Far out-of-the-money options and far out-of-the-month options are made up almost entirely of time value along with volatility as they try to price in if any events will happen before expiration to cause them to end up in-the-money. Options so far away in time and price do not have any other type of value but time.

On the last day of an options expiration the option will have almost zero time value as only one day is left. Just remember that when you enter a stock option trade you are on the clock. The stock has to move close enough to the price of your stock to pay for the time you spend holding it. For a longer term trade you have to overcome the cost of time to be profitable in your option.

Stocks have no time expense, you are not renting a stock when you own it you are taking on the full risk of the asset. With options you have to pay rent to own the rights to buy or sale a stock at a certain price over a time frame. The Theta value is what you are paying someone for the time they spend exposed to the risk of you calling or putting an asset on them at expiration.

Options Gamma Explained

Gamma is the measurement of the rate of change of the delta.

Gamma is the Greek that shows how delta will change with the underlier’s price moves. It is the rate of change of an option’s delta based on a \$1.00 move in price of the underlier.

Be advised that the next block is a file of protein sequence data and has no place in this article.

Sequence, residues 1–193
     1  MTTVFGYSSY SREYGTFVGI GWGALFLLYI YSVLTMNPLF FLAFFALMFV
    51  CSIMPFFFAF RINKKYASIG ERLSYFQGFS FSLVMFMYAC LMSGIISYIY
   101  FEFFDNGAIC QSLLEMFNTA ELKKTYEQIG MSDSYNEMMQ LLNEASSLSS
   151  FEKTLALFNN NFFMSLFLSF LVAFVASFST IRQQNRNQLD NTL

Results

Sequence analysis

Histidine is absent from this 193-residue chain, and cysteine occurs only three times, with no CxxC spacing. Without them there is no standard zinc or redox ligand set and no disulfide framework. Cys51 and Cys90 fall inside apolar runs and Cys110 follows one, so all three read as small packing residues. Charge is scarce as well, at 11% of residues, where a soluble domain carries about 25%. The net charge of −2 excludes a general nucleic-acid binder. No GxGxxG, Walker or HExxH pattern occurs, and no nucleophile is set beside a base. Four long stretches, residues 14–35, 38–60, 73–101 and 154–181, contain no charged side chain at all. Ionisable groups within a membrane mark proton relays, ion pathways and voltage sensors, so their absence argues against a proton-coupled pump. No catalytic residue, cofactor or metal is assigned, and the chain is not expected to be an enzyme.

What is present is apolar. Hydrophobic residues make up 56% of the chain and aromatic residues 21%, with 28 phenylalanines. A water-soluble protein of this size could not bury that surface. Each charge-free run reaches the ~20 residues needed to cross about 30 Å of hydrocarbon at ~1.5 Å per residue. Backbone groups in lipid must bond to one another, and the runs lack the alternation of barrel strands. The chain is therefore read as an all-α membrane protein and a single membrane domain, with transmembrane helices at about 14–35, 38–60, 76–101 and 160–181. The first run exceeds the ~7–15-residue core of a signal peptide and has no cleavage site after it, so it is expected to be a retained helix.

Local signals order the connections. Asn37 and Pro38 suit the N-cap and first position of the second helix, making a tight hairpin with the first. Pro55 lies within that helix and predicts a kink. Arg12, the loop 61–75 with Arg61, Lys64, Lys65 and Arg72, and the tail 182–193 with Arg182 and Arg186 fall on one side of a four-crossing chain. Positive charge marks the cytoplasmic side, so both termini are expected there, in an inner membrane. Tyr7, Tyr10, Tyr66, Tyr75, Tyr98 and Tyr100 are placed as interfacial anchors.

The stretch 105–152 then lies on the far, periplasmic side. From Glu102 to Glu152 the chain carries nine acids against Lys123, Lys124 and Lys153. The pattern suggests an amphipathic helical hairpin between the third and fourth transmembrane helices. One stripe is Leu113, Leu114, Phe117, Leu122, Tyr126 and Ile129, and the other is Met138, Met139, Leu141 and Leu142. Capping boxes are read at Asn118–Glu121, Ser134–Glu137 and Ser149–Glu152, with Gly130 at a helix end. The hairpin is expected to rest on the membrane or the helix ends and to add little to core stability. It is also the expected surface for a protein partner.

Gamma describes how much the options delta changes as the price of the underlying stock changes. The option’s gamma value is a measurement of the speed of change of the option’s delta. The gamma value of an option contract is a percentage and shows the change in the delta when there is a one point move in the price of the underlying stock. The options gamma value measures the magnitude and the direction of a change in the option’s delta.

When a long call option contract has a gamma of 0.10 and a corresponding delta of 0.50, When the underlier goes up \$1.00 in price, that specific option will have an option Greek delta of 0.60 as one dynamic of its price movement in correlation with the underlier. It is important to understand the gamma of a stock as it can show the risk and benefits of the rate of change as an option moves closer or farther from being in or out-of-the-money. Short option risks is one of the most important dynamics to consider with gamma as the option price can move strongly against you quickly during a trend or gap in price with the underlier.

Deltas expand and become higher as price moves in favor of your option’s strike price. Options capture more intrinsic value as price moves closer to being in-the-money versus your options strike price. Deltas become smaller as price moves away from your option positions strike price needed for the option to go in-the-money. As price moves away from your strike price needed for profitability the movement becomes smaller on the option as the delta declines the gamma also declines.

A Gamma scalper of options is simply trying to buy an out-of-the-money option with nothing but time value and a very low delta and profit by the option delta expanding and increasing in value. An out-of- the-money option with very little premium value can go up in price as the odds of it going in-the-money increases and the delta capture rapidly expands.